WDW Polynesian Village Day 6

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Today we returned to the Magic Kingdom. We had to try the new Seven Dwarfs Mine Train, which was like a smoother, shorter Big Thunder Mountain Railroad. With Dwarfs (sic). We also took in the new parade at 3pm, Festival of Fantasy, which brought a lot of new color to Main Street. But I believe we spent the majority of our time today in Adventureland.

Since we first arrived at the Polynesian last Saturday, I’ve noticed a recurring theme: Adventureland is being promoted throughout all of the parks and resorts that we’ve visited, through a collection of new Disney merchandise celebrating this theme. It seems to be a mashup of the Polynesian Village, Enchanted Tiki Room, Jungle Cruise, and other exotic elements. There are plates, bowls, glasses, figurines, t-shirts, and many other items celebrating Adventureland at Disney. This woven throw sums it up best (and can be yours for the low, low price of $74.95!):

imageToday I picked up 3 Aloha plates (available in blue, green, and red) and 2 Adventureland glass tumblers (available in orange and green) to take home. We also stopped at Aloha Isle Refreshments, after taking in the show at the Enchanted Tiki Room, where I had my first-ever orange-pineapple swirl Dole Whip. What a taste sensation! It was like a party in my mouth. I believe Aloha Isle in Adventureland is the only place where you can get orange Dole Whip, to swirl with either the traditional pineapple or vanilla. I’m sad it took me 5 trips to WDW to figure this out, but I’m happy I now know this little nugget of info.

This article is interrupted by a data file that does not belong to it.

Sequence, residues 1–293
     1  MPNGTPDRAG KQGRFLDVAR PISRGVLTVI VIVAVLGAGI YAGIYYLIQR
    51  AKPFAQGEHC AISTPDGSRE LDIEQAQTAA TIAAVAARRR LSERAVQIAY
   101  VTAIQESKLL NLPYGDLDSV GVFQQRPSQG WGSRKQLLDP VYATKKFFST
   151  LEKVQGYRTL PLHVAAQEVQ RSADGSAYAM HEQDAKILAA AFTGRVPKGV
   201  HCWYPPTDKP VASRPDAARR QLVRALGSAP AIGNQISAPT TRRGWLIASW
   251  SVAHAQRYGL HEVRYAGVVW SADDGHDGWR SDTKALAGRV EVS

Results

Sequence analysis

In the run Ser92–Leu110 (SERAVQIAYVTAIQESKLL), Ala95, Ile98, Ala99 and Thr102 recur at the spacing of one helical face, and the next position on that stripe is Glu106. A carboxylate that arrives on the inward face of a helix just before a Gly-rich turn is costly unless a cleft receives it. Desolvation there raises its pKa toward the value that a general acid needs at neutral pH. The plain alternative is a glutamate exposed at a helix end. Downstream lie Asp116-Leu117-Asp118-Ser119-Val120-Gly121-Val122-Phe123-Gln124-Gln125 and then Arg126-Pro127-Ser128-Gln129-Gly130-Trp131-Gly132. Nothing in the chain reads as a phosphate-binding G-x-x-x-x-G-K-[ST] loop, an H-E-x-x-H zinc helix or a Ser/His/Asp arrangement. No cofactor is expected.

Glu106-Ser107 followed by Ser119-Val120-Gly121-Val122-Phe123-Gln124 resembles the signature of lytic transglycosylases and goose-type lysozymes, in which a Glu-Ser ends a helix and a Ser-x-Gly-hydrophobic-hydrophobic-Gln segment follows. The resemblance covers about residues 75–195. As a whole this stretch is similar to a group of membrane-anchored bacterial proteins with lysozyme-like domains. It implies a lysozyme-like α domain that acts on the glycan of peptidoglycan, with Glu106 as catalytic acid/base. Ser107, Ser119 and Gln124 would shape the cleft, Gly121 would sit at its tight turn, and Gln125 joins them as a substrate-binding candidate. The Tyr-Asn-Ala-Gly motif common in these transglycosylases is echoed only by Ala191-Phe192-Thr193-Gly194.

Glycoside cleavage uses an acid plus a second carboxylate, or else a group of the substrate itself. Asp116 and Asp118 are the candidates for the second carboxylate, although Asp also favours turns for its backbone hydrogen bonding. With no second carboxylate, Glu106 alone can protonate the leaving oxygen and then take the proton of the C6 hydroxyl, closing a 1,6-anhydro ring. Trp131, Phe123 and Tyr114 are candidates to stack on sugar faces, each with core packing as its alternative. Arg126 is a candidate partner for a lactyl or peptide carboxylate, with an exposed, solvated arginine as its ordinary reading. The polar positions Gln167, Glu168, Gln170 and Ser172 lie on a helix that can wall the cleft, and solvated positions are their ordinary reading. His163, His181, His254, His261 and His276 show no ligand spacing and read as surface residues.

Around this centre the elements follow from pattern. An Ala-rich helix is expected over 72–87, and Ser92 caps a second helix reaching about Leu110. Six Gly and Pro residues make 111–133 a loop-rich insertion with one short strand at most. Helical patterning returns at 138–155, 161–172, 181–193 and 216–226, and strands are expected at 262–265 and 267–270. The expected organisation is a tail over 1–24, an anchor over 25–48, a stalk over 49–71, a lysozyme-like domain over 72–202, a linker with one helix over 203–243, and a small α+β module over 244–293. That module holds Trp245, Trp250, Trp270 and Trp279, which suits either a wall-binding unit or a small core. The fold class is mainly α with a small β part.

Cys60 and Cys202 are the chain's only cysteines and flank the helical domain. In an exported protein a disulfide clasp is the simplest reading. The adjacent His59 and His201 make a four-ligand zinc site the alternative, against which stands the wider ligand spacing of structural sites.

Tomorrow we return to EPCOT, where I hope to report on the Food & Wine Festival. Until then, aloha!

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WDW Polynesian Village Day 5

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Tonight I’m blogging live from the Tambu Lounge, sucking down my first Mai-Tai of the trip. I opted for the traditional Mai-Tai rather than the Captain’s, and sadly, my young bartender wasn’t familiar with Auntie’s Mai-Tai. Oh well. I’ll have to try again later this week when Walter’s behind the bar.

This day is ending right next to where it started, at Ohana for Breakfast with Stitch. This is a regular event for us, along with dinner at Ohana, which we did on Monday. It’s great to stick with the traditions we’ve embraced from previous trips to the Polynesian, especially in light of all of the changes going on around us. My kids adore our breakfast at Ohana, because they get to meet and greet their favorite character, Stitch, along with Lilo, Aloha Mickey, and Pluto (my son’s 2nd favorite). We also all love the passion fruit/guava juice they serve with breakfast; they need to bottle and sell that stuff, we miss it so much after we leave!

We did get one new wrinkle at breakfast this morning: the introduction of the Stitch waffle. As if this great breakfast couldn’t get any better! My kids will be talking about this for months. Our server told us this new taste treat would be replacing the ubiquitous Mickey waffle, but I don’t believe it. Maybe just at the Ohana breakfast? Stay tuned.